Sorry, I thought I was talking about the topic of the post: the significance of this particular fragment of a copy of the Gospels, and then expanding it to the significance of ALL copies of the Gospels. Thousands of copies of anonymous books don’t mean diddly-squat except to say that the copyists did a good job of copying! I don’t understand why Christians were so worked up about a FIRST century fragment anyway. What would it have proven?

      • Gary: All early fragments of any text enhance our knowledge of the textual transmission of that text in the early period. Given the importance of GMark, an early fragment is automatically important. Do, take something for that allergy (or phobia) that somebody is going to “prove” Christianity to you. Chill.

    • David Madison permalink

      Gary, there are numerous problems with your comment but I shall confine myself to making one point, with the help of an analogy. Suppose that four people write biographies of someone and it is generally agreed that these biographies make their subject look like the funniest person who ever lived. Now, wouldn’t it be extraordinary if the subject of the biographies actually wasn’t funny at all?

      If you substitute “moral teacher” for “funny person”, you will appreciate the point. Is there embellishment in the Gospels? Maybe. Is the Gospel Jesus essentially a fictional character with no meaningful resemblance to the “real” Jesus? Extremely improbable.

  2. Oyebola Feranmi permalink

    Funny! I do not see the excitement over a first century NT fragment. Even the originals of the NT is not enough to convince the skeptics – they will only raise the bar of evidence higher.

    • Oyebola, The original of GMark would not of itself generate conversion to Christian faith! Scholars who work on the papyri are mainly just trying to get the best resources to trace the texts in question.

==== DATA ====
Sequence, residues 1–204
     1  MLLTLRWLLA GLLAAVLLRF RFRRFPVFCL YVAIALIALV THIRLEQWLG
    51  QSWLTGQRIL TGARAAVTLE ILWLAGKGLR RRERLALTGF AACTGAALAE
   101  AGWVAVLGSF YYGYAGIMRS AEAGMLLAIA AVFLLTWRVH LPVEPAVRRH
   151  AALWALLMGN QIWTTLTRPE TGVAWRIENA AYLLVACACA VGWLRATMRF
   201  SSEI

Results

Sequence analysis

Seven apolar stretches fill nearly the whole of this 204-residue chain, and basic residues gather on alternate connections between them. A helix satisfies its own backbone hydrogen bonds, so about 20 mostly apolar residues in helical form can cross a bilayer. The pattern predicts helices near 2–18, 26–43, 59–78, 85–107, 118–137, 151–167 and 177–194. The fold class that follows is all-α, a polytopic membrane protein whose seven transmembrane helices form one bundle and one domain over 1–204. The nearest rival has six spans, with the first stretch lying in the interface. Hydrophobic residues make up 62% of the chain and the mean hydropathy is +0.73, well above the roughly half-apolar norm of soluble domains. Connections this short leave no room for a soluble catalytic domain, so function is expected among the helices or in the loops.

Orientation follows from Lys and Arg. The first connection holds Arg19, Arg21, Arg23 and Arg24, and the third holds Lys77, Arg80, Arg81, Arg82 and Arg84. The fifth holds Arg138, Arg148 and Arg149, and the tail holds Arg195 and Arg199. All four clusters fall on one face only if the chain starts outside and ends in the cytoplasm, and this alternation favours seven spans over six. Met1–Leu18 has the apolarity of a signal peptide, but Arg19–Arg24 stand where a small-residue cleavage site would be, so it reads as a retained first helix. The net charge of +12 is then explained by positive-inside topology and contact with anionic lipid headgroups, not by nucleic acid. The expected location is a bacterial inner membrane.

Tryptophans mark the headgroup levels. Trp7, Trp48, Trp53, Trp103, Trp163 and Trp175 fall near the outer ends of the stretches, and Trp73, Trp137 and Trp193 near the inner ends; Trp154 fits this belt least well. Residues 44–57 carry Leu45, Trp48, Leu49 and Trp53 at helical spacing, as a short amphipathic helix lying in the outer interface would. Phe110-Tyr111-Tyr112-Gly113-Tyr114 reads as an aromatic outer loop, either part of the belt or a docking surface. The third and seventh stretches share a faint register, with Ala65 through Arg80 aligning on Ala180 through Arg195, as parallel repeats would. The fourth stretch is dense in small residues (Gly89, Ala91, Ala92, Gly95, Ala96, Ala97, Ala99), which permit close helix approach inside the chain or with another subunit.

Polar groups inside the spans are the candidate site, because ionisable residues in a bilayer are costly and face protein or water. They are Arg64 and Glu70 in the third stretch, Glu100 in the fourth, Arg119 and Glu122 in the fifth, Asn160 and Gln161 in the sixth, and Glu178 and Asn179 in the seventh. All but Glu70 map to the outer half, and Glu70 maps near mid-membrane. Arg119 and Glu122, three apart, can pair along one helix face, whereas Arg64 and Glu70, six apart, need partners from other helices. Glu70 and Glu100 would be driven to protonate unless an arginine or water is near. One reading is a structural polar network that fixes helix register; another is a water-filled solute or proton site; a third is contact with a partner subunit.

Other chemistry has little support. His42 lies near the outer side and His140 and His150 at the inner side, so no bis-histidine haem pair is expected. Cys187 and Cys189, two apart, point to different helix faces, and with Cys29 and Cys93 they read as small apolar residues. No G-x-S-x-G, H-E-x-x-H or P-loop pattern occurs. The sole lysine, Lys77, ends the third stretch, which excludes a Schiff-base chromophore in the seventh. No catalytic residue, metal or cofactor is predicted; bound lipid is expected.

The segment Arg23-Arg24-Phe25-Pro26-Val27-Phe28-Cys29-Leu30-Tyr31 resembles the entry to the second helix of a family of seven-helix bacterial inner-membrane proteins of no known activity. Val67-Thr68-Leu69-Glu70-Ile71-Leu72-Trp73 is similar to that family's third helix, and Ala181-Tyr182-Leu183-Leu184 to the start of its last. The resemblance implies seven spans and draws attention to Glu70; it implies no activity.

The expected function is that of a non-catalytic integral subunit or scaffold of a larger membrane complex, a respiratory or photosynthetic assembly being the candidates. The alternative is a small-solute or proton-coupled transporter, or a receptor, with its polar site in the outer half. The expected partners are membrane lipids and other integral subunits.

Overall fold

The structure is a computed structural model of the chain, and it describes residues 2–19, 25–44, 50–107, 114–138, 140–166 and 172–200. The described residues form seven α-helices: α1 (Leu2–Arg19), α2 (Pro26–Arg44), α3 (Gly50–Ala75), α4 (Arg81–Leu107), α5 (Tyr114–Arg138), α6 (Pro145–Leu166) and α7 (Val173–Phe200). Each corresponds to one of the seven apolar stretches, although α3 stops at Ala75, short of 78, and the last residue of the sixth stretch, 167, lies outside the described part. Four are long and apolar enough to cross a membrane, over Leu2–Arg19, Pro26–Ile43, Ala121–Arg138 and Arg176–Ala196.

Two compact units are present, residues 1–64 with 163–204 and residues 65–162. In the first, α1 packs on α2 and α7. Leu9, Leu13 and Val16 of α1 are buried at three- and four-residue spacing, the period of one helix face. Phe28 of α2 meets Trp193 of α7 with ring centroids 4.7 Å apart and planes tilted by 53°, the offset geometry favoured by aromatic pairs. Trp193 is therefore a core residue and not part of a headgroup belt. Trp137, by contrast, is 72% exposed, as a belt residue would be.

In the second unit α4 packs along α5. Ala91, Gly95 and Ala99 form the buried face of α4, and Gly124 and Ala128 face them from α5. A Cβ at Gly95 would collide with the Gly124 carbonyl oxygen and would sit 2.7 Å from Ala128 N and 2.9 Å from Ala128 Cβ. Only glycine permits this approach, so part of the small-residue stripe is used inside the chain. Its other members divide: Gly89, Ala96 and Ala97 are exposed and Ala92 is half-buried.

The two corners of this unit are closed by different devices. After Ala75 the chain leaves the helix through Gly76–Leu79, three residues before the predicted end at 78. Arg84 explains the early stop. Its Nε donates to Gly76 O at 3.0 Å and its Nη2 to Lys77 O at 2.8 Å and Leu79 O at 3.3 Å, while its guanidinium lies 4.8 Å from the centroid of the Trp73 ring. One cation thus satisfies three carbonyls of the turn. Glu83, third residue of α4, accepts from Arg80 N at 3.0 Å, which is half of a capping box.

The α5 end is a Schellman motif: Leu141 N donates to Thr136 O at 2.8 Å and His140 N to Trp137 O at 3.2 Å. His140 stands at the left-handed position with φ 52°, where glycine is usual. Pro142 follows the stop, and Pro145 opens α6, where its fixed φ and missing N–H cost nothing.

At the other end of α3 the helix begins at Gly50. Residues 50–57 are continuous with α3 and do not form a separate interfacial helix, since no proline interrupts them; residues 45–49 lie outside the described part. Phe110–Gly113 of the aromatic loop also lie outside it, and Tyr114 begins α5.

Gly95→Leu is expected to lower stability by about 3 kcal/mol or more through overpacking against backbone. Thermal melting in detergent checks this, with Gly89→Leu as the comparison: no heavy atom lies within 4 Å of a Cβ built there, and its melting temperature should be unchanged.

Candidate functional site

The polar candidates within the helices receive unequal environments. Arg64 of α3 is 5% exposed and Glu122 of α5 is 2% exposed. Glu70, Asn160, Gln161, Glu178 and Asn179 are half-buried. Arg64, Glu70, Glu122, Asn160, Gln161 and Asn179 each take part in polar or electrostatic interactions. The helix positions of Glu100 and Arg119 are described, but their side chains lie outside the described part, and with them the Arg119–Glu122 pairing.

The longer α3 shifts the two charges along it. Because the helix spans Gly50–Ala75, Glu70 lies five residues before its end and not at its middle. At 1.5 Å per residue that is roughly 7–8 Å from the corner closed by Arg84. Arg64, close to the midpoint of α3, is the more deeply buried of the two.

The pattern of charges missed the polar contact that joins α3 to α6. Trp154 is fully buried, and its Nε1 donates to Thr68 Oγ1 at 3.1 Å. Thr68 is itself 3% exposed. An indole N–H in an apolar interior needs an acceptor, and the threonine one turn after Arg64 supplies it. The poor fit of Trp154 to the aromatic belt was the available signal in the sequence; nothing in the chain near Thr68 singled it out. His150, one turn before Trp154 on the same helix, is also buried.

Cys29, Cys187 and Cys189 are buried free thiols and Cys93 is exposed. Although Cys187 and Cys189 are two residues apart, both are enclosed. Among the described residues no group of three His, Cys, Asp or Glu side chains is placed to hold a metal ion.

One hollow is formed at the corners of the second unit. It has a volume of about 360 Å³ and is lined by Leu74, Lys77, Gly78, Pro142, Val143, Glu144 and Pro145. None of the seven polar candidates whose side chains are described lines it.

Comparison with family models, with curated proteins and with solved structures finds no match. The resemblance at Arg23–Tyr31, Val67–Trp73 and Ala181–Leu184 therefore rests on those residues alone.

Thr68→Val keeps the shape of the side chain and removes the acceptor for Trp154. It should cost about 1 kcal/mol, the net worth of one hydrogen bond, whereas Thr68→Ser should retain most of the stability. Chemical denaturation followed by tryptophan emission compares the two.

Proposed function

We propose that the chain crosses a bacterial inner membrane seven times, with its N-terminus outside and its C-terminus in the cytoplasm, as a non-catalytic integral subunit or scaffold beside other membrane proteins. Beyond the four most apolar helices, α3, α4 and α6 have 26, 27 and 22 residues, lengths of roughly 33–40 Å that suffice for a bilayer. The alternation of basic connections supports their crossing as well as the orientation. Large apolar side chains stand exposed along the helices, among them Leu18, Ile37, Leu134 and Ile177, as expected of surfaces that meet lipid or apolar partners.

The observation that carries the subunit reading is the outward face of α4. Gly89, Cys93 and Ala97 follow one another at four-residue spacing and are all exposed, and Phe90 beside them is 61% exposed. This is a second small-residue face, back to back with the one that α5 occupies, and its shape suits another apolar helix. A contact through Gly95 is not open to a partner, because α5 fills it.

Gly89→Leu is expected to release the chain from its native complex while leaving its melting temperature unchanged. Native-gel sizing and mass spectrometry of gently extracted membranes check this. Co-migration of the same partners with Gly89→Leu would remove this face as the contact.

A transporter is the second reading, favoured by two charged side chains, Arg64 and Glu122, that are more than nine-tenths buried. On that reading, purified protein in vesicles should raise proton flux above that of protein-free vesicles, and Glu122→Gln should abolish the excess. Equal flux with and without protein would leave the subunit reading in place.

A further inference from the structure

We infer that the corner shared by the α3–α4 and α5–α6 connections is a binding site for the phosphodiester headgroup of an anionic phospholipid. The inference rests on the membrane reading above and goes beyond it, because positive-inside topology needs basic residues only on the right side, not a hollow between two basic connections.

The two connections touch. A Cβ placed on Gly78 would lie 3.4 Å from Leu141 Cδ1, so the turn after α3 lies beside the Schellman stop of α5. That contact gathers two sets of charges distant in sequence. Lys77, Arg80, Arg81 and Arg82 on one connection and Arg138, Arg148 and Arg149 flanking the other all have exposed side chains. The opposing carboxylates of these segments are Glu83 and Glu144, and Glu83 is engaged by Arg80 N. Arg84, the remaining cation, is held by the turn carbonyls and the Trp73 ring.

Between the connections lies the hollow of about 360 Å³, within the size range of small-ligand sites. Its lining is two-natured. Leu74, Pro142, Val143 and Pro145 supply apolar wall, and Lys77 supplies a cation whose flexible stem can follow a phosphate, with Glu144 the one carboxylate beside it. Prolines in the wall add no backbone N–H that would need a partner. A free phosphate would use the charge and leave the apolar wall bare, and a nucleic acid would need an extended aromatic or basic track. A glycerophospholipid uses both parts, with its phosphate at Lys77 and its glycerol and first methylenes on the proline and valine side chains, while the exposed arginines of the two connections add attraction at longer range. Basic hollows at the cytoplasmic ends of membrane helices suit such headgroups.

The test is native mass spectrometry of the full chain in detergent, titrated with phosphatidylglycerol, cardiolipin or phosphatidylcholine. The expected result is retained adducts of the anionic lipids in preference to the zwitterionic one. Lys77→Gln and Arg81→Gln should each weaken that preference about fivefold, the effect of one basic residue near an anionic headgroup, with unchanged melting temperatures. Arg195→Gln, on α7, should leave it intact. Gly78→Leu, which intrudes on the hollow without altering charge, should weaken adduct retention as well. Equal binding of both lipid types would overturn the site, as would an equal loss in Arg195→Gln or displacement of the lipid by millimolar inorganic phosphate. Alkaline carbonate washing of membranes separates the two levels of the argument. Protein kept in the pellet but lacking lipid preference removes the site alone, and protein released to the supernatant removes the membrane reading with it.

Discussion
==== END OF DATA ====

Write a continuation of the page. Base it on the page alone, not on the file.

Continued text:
• Gary permalink

      Provide good evidence that you have multiple, *independent*, eyewitness statements regarding the life, words, and deeds of Jesus and you will have our undivided attention.

  3. I thought Craig Evans and apologist Josh McDowell were saying that this fragment came from a mummy mask…

  4. Robert permalink

    Thank you, Larry, for your vote of confidence in Dirk Obbink. It is good to hear this. Some of the innuendo being spread about him are coming from anonymous comments or people who have not fully explained their own involvement.

  5. Griffin permalink

    Could this story be regarded as a recent example of how an irresponsible religious fervor can typically distort serious religious material, scholarship?

    • Well, “irresponsible” seems appropriate. I’m not sure what religion has to do with it.

      • The whole thing started because someone (who?) told Wallace to mention the fragment within the context of an apologetical debate with Ehrman. Then a recurring cast of Christian scholars and apologists leveraged the unpublished fragment in other apologetics talks, adding to the useless buzz. I think that’s how “religion” still has something to do with it.

      • Griffin permalink

        Especially, the tendency to move the date forward, to the first century, might have served Christian apologetics?

        Since that would give them earlier evidence for Jesus then they’d had before.

        Fortunately,.serious scholarship held the line. Against Hobby Lobby and others.

        Thank you all.